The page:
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Student Success Reaching Every Student TCDSB CSAC Conference Presented by TCDSB Student Success Department Loretta Notten, Supt. of Student Success October.

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Presentation on theme: "Student Success Reaching Every Student TCDSB CSAC Conference Presented by TCDSB Student Success Department Loretta Notten, Supt. of Student Success October."— Presentation transcript:

1 Student Success Reaching Every Student TCDSB CSAC Conference Presented by TCDSB Student Success Department Loretta Notten, Supt. of Student Success October 2006 We can make a difference… One student at a time One Teacher at a time

2 Welcome Parents to TCDSB CSAC Conference 2006

3 Through Me Through me let there be kind words and warm heart and a caring smile, Through me let there be a willingness to listen and a readiness to understand, Through me let there be dependability, steadfastness, trust and loyalty. Through me let there be compassion, forgiveness, mercy and love. Through me let there be every quality I find in Thee, O Lord.Amen in Thee, O Lord.Amen

4 Agenda: Part One ► Student Success Overview & ► The Four Pillars ► Pathways Program & Fast Forward ► Key Goals & Strategies for the Year ► Ministry’s Student Success Commission:  Student Success Initiative  SSTs & CR ► Credit Recovery ► Key experiential learning programs

5 The challenge of preparing our children for an unknown future. ► How do we encourage our children to “aim for the stars” in light of rapidly changing times and an uncertain future? ► Which form, if any, of post-secondary education will be the best for my child? ► Can my child lead a successful and productive life with or without a university degree or a college diploma? ► My child will be challenged to meet the rigorous demands of a high school diploma. What hope is there for my child? 4 Fundamental Questions

6 A Catholic Community Our Board’s mission is “to educate students to their full potential” We strive to provide:  Programs and Supports  Hope and Opportunity  Honour and Dignity Excellence and Success for ALL !

7 Year 2000 Ontario Student Flow from Grade 9 to Post-Secondary Destinations Leave Before OSSD 24% OSSD to Work 25% 28%23% OSSD to University OSSD to College Alan King, Double Cohort Study (Phase II Report, p. 18), October 2002 Grade 9 Enrolment = 100%

8 “Why are some students failing courses in Grades 9 and 10?” ► Is the transition from elementary school to secondary school more difficult than expected? ► Are the demands of the curriculum too difficult? ► Are students enrolled in courses and programs that do match their interests, aptitudes and abilities?

9 The Parenting Challenge !! Balance the dreams and aspirations you have for your child with their real-life strengths, abilities and interests. Balance the dreams and aspirations you have for your child with their real-life strengths, abilities and interests. Consider the statistics as you make educational and career decisions with your child.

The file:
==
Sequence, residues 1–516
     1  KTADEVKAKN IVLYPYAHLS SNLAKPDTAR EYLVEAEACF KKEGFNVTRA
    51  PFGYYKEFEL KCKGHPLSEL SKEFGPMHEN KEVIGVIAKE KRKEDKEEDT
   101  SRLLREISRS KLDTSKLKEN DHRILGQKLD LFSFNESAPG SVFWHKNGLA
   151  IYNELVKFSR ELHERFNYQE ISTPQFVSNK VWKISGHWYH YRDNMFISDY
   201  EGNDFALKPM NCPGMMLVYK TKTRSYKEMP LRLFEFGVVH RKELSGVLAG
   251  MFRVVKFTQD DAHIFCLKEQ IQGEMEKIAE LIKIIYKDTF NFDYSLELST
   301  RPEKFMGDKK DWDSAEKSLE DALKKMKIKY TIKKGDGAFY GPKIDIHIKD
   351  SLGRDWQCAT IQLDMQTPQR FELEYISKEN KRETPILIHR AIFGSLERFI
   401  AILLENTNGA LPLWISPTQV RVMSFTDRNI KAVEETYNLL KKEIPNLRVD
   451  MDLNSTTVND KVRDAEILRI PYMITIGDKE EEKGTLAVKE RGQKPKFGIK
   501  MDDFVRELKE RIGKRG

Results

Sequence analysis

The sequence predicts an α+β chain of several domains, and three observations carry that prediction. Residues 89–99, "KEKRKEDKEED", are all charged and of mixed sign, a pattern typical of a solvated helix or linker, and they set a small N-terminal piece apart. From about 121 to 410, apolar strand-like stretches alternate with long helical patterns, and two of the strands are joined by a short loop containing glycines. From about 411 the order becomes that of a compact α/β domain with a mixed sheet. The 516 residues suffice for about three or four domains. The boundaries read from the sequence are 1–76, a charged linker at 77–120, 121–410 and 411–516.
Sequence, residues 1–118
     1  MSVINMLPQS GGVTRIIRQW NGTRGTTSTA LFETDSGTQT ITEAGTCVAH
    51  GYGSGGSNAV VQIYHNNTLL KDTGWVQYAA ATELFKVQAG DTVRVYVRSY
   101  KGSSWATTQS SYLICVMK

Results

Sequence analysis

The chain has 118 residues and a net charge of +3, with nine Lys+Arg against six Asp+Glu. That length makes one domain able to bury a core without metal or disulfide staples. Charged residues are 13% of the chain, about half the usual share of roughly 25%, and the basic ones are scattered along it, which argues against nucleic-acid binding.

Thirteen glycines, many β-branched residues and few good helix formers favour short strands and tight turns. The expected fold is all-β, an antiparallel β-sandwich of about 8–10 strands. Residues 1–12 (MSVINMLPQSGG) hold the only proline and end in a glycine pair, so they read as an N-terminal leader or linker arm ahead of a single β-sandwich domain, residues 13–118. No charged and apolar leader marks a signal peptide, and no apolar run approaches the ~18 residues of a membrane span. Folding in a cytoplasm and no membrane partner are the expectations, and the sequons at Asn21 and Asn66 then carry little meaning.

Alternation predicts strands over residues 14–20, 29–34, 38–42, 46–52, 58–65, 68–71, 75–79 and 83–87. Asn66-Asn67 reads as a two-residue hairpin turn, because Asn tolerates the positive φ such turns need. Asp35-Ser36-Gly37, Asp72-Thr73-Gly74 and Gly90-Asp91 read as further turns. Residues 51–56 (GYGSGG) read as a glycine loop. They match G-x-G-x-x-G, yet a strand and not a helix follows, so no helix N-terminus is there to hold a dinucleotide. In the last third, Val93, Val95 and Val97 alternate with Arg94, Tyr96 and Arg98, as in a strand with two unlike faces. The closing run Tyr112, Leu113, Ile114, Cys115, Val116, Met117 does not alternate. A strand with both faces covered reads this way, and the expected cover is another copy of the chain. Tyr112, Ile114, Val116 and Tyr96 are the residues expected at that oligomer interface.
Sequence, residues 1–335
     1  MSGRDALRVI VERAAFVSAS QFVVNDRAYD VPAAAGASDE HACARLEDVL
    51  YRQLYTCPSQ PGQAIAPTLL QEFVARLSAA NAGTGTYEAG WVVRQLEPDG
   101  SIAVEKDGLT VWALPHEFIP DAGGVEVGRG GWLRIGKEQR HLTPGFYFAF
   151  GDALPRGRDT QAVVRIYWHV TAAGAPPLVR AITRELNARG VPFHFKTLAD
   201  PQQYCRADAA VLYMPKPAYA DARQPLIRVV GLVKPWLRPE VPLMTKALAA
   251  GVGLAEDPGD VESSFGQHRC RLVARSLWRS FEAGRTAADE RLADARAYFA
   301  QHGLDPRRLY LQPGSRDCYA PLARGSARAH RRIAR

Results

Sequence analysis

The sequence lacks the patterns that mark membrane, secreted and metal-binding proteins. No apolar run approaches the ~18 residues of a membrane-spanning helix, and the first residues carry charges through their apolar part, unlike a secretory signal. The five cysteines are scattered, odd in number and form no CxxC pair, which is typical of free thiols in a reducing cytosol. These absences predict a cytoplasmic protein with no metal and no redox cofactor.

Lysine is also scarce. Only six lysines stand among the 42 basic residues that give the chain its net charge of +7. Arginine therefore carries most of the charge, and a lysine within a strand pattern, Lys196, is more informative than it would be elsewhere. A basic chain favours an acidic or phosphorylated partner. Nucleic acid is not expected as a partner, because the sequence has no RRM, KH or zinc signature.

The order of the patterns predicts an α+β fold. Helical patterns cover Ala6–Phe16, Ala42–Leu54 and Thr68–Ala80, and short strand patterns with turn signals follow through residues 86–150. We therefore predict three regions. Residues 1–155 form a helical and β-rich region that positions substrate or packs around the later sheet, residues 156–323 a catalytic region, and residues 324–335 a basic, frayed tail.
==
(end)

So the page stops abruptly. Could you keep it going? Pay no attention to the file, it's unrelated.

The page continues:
10 Schools are Communities of Dignity Our children should be at peace in the knowledge that they are supported by their parents, their teachers, and their schools. Our children should be at peace in the knowledge that they are supported by their parents, their teachers, and their schools. Catholic schools have comprehensive programs that prepare all students for their chosen post-secondary destination: post-secondary destination:  University  College  Apprenticeship/College  Workplace /”On the Job” Training

11 Program Pathways A program pathway consists of the combination or “package” of secondary school courses that make up a student’s educational program and the supports that are provided in offering that program. A program pathway consists of the combination or “package” of secondary school courses that make up a student’s educational program and the supports that are provided in offering that program. A program pathway is designed to lead a student to a particular destination within a large grouping of jobs that are related to each other in some special way. A program pathway is designed to lead a student to a particular destination within a large grouping of jobs that are related to each other in some special way.

12 Program Pathways Within each program pathway, students may take Academic, Applied, Locally Developed, and Open courses in Grades 9 and 10. The program pathway will also include a variety of courses in Grades 11 and 12. These may include Open or College, University and Workplace Preparation courses.

13 University Program Pathways ► Courses for 9 & 10 are taken at:  ACADEMIC -- “D”  Applied – “P”  OPEN -- “O”  COLLEGE/UNIVERSITY – “C/U/M” You Should Consider this Pathway if: You have experienced good academic success in English,Science, and Mathematics. You have demonstrated that you can work independently. You have demonstrated that you can work cooperatively with others. You have an excellent attendance record.

14 Apprenticeship and College Program Pathways ► Courses for 9 & 10 are taken at :  Academic --“D”  Applied --“P”  Locally Developed – “LDCC”  Open -- “O” You should consider this pathway if: You are You are able to effectively communicate at grade 5 to grade 7 level. You have demonstrated an aptitude working on practical projects and with concrete objects. You are able to work independently with some guidance, supervision and can follow directions when given.